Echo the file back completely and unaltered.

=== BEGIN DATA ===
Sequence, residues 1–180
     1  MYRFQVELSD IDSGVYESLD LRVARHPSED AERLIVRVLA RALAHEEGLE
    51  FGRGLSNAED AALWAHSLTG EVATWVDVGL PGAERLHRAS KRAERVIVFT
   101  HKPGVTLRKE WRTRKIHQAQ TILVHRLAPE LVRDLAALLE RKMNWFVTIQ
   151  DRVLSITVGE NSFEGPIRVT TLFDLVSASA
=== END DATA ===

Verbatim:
Sequence, residues 1–180
     1  MYRFQVELSD IDSGVYESLD LRVARHPSED AERLIVRVLA RALAHEEGLE
    51  FGRGLSNAED AALWAHSLTG EVATWVDVGL PGAERLHRAS KRAERVIVFT
   101  HKPGVTLRKE WRTRKIHQAQ TILVHRLAPE LVRDLAALLE RKMNWFVTIQ
   151  DRVLSITVGE NSFEGPIRVT TLFDLVSASA